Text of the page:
6 Gaps in Your Environmental Testing Program: #6 Biofilms

Biofilms can form on food processing equipment and are a frequent source of contamination. In this last installment of our series on 6 possible gaps in your environmental testing program, product manager Stefan Widmann discusses the danger of biofilms and how they can be detected.

What are biofilms?

Microorganisms are able to colonize surfaces by forming a polymeric matrix in which multiple microbial species may be present; this is known as a biofilm. Evidence shows that the ability to form and survive in biofilms is not restricted to specific groups of microorganisms. In fact, the vast majority of bacteria are able to form biofilms. Biofilms may therefore be composed either of monocultures or of several different microorganism species. Some researchers have suggested that the complex structure of mixed biofilms renders them more stable and more resistant to cleaning chemicals. The initial population that binds to the surface can change the properties of that surface, allowing for those that come later to adhere via cell-to-cell association; in some cases, the attachment of a second species may increase the stability of the biofilm population. For example, studies show that L. monocytogenes is more likely to adhere to steel in the presence of Pseudomonas.

Why should food producers care about biofilms?

Biofilms that form on food processing equipment and other food-contact surfaces act as a persistent source of contamination, threatening the overall quality and safety of food products and possibly resulting in foodborne diseases as well as economic losses. Spoilage microorganisms are known to be responsible for almost a third of losses in the food chain supply, making biofilm prevention and control a priority in the food industry. Microorganisms that form or thrive in biofilms are more resistant to disinfection, making them problematic in a wide range of food industries. Other effects of biofilms such as the corrosion of metal surfaces are a further critical concern in the food industries. In either case, the presence of biofilms in a food factory puts human health at risk. The degree of risk is dependent on the bacterial species forming this three-dimensional, living structure.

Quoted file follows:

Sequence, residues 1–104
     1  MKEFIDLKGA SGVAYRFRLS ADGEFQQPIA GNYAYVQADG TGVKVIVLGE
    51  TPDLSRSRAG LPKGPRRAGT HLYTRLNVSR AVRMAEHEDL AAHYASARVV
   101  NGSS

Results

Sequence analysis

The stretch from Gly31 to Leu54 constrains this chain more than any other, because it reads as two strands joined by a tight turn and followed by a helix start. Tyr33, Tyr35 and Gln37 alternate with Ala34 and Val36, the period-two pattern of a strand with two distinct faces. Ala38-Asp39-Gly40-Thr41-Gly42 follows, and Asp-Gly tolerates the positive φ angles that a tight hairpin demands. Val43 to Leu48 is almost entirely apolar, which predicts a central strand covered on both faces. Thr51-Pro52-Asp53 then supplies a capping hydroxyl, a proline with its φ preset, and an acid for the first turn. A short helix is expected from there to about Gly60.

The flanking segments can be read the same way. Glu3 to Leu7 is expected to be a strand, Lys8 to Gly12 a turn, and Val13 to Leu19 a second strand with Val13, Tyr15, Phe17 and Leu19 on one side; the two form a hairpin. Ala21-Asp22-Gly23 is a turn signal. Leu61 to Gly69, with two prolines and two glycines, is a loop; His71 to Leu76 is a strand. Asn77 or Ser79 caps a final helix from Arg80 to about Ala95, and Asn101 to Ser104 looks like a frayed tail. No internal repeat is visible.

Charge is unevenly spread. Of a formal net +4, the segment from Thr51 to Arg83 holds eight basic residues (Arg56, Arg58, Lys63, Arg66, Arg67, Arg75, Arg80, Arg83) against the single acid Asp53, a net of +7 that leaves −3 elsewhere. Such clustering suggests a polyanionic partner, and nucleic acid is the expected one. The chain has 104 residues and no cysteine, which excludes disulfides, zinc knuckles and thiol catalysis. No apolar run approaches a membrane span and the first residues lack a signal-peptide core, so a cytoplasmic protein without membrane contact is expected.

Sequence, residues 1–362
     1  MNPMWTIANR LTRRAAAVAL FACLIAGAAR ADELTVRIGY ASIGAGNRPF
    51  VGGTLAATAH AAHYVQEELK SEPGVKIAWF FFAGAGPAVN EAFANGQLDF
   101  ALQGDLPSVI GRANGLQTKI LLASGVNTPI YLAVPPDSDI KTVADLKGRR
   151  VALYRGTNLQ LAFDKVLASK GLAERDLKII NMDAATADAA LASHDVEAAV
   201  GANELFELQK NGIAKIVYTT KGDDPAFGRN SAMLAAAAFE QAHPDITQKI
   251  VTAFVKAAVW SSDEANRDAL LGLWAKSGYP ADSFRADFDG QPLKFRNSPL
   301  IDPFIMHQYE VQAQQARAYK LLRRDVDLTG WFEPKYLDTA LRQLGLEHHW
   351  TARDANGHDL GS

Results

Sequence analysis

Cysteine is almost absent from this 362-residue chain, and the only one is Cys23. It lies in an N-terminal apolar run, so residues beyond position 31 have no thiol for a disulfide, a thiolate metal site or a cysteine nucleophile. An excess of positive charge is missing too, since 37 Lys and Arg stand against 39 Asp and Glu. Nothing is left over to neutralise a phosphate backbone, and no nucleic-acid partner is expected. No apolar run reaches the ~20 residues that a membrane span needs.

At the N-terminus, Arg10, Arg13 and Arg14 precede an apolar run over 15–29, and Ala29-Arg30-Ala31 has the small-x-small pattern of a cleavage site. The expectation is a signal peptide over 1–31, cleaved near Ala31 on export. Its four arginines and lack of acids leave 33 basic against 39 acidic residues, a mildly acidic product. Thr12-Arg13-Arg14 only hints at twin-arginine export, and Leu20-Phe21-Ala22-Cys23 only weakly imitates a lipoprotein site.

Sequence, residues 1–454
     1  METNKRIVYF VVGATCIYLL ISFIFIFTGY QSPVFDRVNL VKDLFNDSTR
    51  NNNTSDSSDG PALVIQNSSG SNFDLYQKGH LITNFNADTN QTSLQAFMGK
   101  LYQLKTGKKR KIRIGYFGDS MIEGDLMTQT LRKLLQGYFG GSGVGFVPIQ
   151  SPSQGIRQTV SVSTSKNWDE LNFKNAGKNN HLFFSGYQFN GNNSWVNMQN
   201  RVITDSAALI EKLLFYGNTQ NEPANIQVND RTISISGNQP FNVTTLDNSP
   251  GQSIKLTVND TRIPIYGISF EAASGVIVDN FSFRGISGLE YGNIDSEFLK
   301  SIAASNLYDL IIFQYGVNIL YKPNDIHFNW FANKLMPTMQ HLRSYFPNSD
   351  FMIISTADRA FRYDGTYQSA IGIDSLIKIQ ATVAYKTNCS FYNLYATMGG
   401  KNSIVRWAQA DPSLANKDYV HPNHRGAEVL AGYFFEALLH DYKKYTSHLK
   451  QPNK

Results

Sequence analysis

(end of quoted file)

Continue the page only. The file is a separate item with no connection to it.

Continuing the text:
How can food producers detect biofilms?

The standard methods for detecting biofilms are still agar-media based. Surfaces can be sampled directly with dip-slides and contact plates or indirectly when using swab sticks, sponges or swab cloths. Indirect methods require that dilutions be prepared and spread out on petri dishes. In both direct and indirect methods, it takes days to get results. ATP test systems can provide faster results, but kinetic data from freely suspended planktonic cells should not be used as a reference for biofilm detection as the release of ATP is much lower for biofilms. Accordingly, ATP devices used to detect biofilms tend to have a much higher limit of detection, meaning that they are not as sensitive as they would be when detecting free floating bacteria. At the moment, there is no instantly secure way to detect biofilms before a production run begins. Direct cell counting technologies can help to close the gap as they can detect bacteria-forming biofilms instantly without the compromises that must be made to accommodate ATP systems.

This article originally appeared in International Food & Meat Topics 31 (6).